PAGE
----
Despite the environmental issues attached to vehicle usage, sometimes even the most eco-friendly person has to drive. At those times, you can increase your fuel efficiency and reduce your emission of carbon and other pollutants by following these strategies:
Keep up with maintenance in order to keep your vehicle on the road.
There’s no reason a vehicle can’t last 10 to 15 years or even longer, and holding onto a vehicle for a long time goes a long way toward reducing the number of new vehicles that need to be manufactured.
Pump up the tires.
Underinflated tires increase fuel consumption by as much as 3 percent, and they’re more likely to blow and cause an accident. You also may want to buy tires that offer improved mileage.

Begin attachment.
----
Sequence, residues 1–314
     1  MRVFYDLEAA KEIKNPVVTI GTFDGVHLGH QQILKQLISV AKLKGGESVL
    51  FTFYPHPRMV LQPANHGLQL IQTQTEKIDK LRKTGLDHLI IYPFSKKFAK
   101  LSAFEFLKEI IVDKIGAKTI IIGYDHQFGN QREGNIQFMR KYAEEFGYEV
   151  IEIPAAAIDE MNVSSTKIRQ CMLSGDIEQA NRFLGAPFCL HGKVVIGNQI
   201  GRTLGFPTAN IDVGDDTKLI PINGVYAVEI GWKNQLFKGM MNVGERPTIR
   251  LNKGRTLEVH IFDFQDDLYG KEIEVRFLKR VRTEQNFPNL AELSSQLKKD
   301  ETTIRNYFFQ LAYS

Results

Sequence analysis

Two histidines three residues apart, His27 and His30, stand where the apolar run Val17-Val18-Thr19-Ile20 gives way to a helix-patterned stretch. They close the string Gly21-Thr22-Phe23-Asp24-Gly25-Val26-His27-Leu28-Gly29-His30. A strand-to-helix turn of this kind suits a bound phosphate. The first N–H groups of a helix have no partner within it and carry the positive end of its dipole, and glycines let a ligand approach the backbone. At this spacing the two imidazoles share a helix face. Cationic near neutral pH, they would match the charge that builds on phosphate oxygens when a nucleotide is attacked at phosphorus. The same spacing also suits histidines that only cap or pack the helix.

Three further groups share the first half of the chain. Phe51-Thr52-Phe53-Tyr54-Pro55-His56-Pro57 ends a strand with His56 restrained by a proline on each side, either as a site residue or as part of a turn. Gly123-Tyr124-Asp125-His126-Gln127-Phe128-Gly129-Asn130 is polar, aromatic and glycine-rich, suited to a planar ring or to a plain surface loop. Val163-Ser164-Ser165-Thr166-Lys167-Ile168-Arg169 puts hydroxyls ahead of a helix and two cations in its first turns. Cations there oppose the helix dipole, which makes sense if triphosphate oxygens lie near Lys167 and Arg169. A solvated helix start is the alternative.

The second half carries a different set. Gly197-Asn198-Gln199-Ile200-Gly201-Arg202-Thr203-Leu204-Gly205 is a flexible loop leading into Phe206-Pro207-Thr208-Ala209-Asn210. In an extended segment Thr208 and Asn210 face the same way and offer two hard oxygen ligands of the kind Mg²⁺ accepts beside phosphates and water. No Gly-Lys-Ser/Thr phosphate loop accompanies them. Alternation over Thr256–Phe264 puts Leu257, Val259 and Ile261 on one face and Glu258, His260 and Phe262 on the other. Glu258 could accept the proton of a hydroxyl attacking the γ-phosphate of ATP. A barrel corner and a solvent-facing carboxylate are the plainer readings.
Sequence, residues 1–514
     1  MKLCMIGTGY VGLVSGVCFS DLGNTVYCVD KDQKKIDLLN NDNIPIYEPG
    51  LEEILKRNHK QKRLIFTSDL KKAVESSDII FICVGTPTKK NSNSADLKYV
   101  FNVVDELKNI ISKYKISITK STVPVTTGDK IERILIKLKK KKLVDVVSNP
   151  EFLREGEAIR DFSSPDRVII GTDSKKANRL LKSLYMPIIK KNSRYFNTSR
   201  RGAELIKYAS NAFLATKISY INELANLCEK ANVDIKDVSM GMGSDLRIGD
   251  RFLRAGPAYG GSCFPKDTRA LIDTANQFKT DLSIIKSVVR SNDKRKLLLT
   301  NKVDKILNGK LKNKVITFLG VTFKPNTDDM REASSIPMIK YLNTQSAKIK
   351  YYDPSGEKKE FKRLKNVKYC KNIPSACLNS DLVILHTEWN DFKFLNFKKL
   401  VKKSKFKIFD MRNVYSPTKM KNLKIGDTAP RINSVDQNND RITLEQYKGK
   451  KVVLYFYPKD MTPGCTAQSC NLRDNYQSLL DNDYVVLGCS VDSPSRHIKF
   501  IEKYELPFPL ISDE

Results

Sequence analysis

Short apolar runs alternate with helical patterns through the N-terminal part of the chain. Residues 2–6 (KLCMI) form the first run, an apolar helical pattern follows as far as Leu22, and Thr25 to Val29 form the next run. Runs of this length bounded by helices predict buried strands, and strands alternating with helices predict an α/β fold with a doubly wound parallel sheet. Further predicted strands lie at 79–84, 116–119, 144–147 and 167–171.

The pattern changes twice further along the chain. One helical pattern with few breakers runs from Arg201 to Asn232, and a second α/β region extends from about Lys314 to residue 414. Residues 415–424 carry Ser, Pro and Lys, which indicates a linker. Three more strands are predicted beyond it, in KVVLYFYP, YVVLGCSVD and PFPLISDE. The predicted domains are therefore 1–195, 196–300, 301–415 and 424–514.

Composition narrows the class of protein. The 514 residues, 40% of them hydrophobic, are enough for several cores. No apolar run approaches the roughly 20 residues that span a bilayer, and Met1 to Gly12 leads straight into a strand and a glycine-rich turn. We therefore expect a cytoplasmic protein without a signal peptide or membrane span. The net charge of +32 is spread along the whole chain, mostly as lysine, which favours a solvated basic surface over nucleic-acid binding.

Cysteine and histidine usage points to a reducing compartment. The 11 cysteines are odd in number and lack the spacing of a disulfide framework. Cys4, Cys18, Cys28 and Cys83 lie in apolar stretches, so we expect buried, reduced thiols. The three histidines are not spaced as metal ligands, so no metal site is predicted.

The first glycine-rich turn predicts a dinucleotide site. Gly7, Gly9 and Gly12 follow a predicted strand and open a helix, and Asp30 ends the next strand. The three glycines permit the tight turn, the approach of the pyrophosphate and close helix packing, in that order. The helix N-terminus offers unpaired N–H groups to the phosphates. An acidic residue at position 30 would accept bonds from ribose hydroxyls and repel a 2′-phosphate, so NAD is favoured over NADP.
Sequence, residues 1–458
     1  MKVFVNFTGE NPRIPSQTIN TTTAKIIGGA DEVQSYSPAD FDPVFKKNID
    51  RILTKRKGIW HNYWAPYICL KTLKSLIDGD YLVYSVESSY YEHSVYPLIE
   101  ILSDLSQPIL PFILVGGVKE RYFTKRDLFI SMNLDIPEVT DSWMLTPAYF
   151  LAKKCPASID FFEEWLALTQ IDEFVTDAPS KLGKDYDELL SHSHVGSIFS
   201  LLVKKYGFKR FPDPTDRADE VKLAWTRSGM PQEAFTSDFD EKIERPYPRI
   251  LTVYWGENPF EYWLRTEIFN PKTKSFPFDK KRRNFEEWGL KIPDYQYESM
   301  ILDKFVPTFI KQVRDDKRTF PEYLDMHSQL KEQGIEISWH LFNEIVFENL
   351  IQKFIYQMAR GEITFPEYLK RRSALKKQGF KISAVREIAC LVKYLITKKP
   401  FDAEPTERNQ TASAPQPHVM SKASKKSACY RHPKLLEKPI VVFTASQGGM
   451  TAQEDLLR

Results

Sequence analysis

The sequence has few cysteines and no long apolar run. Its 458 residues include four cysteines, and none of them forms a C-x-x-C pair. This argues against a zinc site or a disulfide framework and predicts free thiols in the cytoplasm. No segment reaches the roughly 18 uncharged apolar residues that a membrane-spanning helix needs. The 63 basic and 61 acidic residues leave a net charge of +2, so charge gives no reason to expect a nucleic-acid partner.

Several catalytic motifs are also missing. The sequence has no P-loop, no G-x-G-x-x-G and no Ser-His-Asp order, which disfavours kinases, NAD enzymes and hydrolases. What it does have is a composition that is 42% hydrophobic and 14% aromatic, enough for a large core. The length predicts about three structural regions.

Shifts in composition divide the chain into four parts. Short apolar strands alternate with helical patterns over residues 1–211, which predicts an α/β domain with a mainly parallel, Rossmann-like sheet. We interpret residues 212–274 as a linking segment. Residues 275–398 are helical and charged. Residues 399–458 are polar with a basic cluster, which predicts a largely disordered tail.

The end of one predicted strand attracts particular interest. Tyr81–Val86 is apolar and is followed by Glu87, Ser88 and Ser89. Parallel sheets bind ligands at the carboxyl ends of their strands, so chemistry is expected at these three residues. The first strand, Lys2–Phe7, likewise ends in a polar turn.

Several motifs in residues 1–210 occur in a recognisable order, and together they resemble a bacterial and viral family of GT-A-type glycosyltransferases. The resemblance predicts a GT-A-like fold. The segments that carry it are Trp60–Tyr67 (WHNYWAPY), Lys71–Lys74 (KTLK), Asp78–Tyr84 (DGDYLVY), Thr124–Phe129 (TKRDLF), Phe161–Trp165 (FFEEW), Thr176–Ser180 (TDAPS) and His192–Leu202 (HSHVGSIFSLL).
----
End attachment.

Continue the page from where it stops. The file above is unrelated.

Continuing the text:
Warning: Always check the recommended pressure for your tires and don’t overinflate them!
Take anything you don’t need out of your vehicle to reduce weight, improve your fuel consumption, and reduce emissions. The same goes for roof racks and other items that increase wind resistance and therefore decrease fuel efficiency.
Plan your travel.
Consolidate your errands into one big trip rather than lots of smaller ones. For example, drop the kids at school and then hit the grocery store. Talk to friends and family members to combine trips or errands.
Plan your timing.
Avoid driving at peak times when you’re more likely to run into traffic congestion that will keep you on the road longer.
An idling vehicle gives off 80 percent more pollution than one that’s moving! Turning the vehicle engine off and then back on again uses less fuel than idling longer than 30 seconds.
You use a quarter less fuel at 50 mph than at 70 mph. It’s better for fuel efficiency to drive the speed limit than to exceed it.
Keep it steady.
Avoid hard acceleration and heavy braking, which increase fuel consumption. On the highway, use cruise control (and overdrive, if you have it).
Go gadget free.
Use your vehicle’s air conditioner and other electrical gadgets only when you need to — they can use up to 10 percent more fuel.